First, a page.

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A magnificent seven...

10 November 2016

The goalkeeper with added boing…

Over the international break, we’re bringing you the countdown on Albion’s 10 greatest post-war goalkeepers. To qualify, they’ve kept 25 clean sheets in the league and from there, we’ve worked out their clean sheets to games percentage. Eyes down for a full house…

 

7. Alan Miller

101 games, 27 clean sheets, 26.73%

 

Among recent Albion goalkeepers, there have been few more popular than Alan Miller, for all that his stay with us was a comparatively brief one, just 101 games in total, three of them coming in a false start, on loan from Arsenal at the start of 1991/92.

 

Alan came to The Hawthorns full time in 1996/97, drafted in early on in Ray Harford’s reign to solve our on-going problem between the sticks. Miller took to the job instantly and posted five clean sheets in a dozen games to the end of that season as the Throstles came to look an altogether more uncompromising outfit under Harford’s defensive disciplines and highly adept coaching style.

 

It was the following season when Alan truly came into his own, a thoroughly dependable goalkeeper with an acrobatically entertaining style too. A character in the mould of John Osborne in many ways, always connecting with the supporters, like Ossie he was a safe pair of hands too.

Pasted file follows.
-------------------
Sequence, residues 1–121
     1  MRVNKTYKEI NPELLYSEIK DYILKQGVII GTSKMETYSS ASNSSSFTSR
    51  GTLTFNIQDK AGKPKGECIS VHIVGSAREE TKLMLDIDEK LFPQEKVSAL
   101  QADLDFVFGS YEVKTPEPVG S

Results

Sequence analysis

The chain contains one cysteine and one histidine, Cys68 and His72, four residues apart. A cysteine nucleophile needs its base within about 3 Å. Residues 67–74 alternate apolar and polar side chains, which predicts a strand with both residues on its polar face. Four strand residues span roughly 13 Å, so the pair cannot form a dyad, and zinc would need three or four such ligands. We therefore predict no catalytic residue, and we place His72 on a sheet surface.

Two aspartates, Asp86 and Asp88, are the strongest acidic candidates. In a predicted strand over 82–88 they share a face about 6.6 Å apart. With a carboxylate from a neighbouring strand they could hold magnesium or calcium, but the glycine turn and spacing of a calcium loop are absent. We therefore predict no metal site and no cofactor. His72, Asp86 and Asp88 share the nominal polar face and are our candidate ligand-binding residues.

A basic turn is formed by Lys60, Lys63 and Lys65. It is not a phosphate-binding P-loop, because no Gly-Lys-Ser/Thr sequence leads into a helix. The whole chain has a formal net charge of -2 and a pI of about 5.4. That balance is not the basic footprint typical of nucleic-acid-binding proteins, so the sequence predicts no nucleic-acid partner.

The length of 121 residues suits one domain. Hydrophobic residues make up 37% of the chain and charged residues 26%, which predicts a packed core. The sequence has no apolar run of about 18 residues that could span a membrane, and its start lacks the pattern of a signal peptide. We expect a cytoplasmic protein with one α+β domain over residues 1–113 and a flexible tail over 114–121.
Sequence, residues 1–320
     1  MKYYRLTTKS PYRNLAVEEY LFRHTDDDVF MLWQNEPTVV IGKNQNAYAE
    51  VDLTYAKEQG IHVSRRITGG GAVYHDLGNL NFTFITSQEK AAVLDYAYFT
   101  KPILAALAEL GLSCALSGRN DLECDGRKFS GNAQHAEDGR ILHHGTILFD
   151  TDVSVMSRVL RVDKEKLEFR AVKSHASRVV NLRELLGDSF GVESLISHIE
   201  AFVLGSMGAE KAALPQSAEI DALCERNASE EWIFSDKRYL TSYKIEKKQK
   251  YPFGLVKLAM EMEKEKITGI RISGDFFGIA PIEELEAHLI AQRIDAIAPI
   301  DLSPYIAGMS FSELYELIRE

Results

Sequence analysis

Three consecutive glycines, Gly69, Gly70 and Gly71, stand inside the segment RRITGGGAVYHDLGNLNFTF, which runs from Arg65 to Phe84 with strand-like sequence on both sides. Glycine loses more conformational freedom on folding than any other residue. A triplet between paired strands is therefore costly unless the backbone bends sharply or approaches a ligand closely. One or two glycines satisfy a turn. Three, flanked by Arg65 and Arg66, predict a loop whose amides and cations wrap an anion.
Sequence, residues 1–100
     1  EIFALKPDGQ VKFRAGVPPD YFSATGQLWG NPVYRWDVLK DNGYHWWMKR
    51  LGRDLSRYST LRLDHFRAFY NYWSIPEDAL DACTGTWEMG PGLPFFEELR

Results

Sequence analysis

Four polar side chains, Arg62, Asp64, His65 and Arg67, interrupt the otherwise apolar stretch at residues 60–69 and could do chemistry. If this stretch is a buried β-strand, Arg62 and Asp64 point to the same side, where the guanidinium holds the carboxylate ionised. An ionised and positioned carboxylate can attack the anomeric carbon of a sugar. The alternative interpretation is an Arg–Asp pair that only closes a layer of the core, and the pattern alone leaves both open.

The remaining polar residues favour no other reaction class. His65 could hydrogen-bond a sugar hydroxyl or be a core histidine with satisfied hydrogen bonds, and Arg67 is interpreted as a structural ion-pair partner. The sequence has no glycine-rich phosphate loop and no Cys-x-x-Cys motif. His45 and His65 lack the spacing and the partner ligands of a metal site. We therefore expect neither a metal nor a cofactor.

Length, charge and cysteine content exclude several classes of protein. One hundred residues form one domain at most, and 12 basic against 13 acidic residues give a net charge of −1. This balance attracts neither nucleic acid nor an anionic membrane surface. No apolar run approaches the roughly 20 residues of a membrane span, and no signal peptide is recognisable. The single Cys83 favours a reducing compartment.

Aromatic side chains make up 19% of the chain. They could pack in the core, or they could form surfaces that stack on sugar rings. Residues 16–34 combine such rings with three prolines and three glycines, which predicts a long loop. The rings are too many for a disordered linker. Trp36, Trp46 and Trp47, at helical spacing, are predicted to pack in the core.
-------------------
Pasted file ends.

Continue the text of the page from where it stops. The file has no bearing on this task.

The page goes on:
With Harford’s Albion tending to sit back and soak up the pressure before hitting on the break with the pace of the likes of Hunt, Kilbane, Hughes and Sneekes, there was plenty of work for the defence to do.

 

1997, Miller had posted nine clean sheets in 18 games and Albion were looking real promotion contenders. And then Ray Harford left.rdMiller played his full part in that, not just with some spectacular saves but by organising his back four and keep things together. By the time we beat Birmingham in the famous “we only need one chance” game at The Hawthorns on November 23



 

Nonetheless, it was a strong season for Miller, not least in keeping two clean sheets in our wins over the Wolves, keeping another the season after, his post-match celebrations guaranteeing him a place in Albion folklore.

 

Albion became a far less consistent animal over the next couple of years under Denis Smith and then Brian Little. With the club wracked by upheaval, on and off the field and sometimes even in the tunnel, it wasn’t the easiest place to produce your best football and plenty of players either suffered for that or found somewhere else to play.

 

Miller did the latter, joining Blackburn Rovers midway through 1999/2000, but leaving a host of good memories behind him as one of our best loved players of the ‘90s.


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2. ?

3. ?

4. ?

5. ?

6. ?

7. Alan Miller

8. Jim Sanders

9. Ray Potter

10. Norman Heath


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